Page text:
Thursday, March 25, 2021

Why I love the Internet


In case you are not familiar with the Bredlik form, here is an explanation. And here is more.  Also, in case you've been living in a cave, the internets have lost their mind over the boat in the Suez Canal.

I am thinking of making my intro to creative writing students write one of these poems. We're in the poetry half of the semester, I'm focusing on form, and this is a new form which likely would not have happened without internet, so it seems perfect.

On the other hand, they get so upset whenever something isn't written in Standard English. Some of them literally can't read anything that plays with language this way -- at least, they say they can't ("I couldn't understand it! It took me an hour to read the first paragraph!") and I've begin to stop doubting it.

I gave them "The Semplica Girl Diaries" to read a few weeks ago (when we were still doing fiction) and they were destroyed. (Not because they liked it, or found it devastating: because they literally could not read it.)


Bev said...

I love "The Semplica Girl Diaries"! But my students would rebel. This semester I finally gave up on trying to get my American Lit students to read a Charles Chesnutt's "The Goophered Grapevine" because they refuse to attempt the sections in dialect, and then they miss the satire entirely. Frustrating.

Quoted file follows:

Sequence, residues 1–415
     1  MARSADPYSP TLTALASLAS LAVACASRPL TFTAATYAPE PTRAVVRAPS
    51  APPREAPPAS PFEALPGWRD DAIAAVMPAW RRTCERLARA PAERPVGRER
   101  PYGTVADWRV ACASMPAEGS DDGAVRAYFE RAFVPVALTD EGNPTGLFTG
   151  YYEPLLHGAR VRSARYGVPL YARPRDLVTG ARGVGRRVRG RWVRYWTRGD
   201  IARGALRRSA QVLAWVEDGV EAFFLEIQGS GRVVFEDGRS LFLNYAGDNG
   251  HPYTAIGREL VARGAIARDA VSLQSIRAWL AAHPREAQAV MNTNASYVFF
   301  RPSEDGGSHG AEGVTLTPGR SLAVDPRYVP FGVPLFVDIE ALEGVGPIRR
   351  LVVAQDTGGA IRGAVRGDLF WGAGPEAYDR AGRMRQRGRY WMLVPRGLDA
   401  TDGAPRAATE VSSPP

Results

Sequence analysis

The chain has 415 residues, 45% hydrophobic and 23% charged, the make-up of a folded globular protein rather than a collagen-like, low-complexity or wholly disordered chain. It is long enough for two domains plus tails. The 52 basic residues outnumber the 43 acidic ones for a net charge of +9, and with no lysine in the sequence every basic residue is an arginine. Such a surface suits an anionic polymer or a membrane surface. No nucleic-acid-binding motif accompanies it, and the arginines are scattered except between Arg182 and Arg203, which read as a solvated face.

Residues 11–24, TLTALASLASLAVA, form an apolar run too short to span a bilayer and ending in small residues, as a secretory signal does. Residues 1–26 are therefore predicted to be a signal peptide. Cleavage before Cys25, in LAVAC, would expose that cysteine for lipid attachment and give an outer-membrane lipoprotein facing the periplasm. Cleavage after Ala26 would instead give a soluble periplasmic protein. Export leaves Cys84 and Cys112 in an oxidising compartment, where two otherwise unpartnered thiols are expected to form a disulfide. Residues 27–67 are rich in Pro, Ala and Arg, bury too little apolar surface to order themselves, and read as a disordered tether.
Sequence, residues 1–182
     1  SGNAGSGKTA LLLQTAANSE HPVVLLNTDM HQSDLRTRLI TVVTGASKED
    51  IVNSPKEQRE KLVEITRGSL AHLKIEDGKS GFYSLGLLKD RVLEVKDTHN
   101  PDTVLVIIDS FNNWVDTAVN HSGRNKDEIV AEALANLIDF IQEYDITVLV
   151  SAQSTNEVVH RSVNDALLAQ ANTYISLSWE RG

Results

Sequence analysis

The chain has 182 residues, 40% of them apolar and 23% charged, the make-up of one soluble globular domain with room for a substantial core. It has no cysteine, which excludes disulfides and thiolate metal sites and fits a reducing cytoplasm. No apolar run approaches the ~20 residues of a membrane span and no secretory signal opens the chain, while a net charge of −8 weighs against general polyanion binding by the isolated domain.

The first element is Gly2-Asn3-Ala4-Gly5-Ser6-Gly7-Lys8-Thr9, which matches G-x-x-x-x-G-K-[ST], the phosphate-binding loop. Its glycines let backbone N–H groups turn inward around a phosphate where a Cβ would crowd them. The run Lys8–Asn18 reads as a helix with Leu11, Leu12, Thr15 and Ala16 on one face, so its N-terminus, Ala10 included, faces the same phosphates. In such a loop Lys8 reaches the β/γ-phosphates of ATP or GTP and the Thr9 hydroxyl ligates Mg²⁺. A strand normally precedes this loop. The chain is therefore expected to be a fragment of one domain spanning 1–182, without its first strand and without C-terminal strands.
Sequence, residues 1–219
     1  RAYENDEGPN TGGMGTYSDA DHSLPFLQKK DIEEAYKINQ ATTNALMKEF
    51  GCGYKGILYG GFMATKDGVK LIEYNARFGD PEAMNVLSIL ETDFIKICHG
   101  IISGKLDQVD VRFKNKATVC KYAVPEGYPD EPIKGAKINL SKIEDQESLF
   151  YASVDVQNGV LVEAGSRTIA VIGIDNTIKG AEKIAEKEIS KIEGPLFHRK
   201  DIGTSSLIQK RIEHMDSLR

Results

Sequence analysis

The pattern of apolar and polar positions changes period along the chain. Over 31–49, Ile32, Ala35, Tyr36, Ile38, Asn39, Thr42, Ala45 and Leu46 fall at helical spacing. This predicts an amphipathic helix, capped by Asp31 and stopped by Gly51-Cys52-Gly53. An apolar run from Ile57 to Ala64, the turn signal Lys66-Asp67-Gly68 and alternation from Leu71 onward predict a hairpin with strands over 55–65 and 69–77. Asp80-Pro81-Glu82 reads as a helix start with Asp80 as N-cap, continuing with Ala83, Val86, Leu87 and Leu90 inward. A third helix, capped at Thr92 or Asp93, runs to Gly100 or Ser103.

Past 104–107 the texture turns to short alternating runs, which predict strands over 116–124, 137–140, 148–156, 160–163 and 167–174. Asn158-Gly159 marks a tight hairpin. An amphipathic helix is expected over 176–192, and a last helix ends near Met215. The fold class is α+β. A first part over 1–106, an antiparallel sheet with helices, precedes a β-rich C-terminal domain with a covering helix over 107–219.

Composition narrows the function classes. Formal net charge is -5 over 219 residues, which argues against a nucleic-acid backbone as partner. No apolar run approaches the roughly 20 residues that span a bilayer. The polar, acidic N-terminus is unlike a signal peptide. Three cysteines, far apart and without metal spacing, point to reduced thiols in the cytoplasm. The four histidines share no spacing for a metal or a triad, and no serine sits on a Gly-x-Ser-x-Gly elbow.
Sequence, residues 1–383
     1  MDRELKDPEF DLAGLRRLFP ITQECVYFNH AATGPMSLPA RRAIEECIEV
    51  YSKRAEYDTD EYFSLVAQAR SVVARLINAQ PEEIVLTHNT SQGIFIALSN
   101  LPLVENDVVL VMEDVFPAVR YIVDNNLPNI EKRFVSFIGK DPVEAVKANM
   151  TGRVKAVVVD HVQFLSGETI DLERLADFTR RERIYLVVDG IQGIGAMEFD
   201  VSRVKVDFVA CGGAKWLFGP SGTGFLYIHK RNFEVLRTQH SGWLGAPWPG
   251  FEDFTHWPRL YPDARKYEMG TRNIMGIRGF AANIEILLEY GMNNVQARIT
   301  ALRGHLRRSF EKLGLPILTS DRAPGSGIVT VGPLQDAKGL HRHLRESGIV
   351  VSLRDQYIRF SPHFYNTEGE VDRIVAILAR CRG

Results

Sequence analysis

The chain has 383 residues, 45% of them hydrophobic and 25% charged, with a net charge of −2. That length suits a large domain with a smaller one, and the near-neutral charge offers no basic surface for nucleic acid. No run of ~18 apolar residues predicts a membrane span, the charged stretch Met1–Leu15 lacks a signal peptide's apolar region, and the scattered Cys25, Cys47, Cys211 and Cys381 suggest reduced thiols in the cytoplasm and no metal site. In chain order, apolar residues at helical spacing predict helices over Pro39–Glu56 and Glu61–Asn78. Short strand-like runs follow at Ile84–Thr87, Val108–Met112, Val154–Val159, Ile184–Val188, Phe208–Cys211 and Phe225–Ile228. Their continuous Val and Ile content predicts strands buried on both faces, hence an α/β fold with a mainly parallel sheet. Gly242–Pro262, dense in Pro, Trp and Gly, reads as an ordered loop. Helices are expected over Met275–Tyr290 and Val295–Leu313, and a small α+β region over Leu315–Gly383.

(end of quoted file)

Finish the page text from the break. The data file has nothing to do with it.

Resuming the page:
delagar said...

I used to assign some of the slave narratives collected by the WPA in my World Lit class, but yes, exactly, students wouldn't read them -- or at least claimed they "couldn't" read them.

I always suspected some latent racism there, given that most of them spoke dialects nearly identical to that used in the narratives.

Jenny F. Scientist said...

I think all those poems are hilarious! It's also pretty hilarious that a giant container ship stuck itself in a sand and stone wall for days.

Foscavista said...

Thanks for linking "The Semplica-Girl Diaries"! It has a "The Ones who Walk Away from Omelas" vibe.

delagar said...

It does!